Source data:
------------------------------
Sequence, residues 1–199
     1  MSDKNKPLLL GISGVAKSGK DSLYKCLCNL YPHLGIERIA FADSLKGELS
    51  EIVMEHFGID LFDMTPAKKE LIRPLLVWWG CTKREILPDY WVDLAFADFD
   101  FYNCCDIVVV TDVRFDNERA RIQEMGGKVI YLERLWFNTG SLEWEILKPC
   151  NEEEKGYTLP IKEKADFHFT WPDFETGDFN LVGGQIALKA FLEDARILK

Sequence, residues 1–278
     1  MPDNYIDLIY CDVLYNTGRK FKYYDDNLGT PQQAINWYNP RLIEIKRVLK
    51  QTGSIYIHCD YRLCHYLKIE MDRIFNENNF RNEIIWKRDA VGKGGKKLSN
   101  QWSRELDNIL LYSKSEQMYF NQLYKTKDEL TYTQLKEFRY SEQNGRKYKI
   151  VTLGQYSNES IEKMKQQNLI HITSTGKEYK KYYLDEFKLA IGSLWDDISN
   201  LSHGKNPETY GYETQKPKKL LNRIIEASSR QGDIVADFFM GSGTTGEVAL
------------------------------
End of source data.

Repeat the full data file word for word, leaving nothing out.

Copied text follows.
Sequence, residues 1–199
     1  MSDKNKPLLL GISGVAKSGK DSLYKCLCNL YPHLGIERIA FADSLKGELS
    51  EIVMEHFGID LFDMTPAKKE LIRPLLVWWG CTKREILPDY WVDLAFADFD
   101  FYNCCDIVVV TDVRFDNERA RIQEMGGKVI YLERLWFNTG SLEWEILKPC
   151  NEEEKGYTLP IKEKADFHFT WPDFETGDFN LVGGQIALKA FLEDARILK

Sequence, residues 1–278
     1  MPDNYIDLIY CDVLYNTGRK FKYYDDNLGT PQQAINWYNP RLIEIKRVLK
    51  QTGSIYIHCD YRLCHYLKIE MDRIFNENNF RNEIIWKRDA VGKGGKKLSN
   101  QWSRELDNIL LYSKSEQMYF NQLYKTKDEL TYTQLKEFRY SEQNGRKYKI
   151  VTLGQYSNES IEKMKQQNLI HITSTGKEYK KYYLDEFKLA IGSLWDDISN
   201  LSHGKNPETY GYETQKPKKL LNRIIEASSR QGDIVADFFM GSGTTGEVAL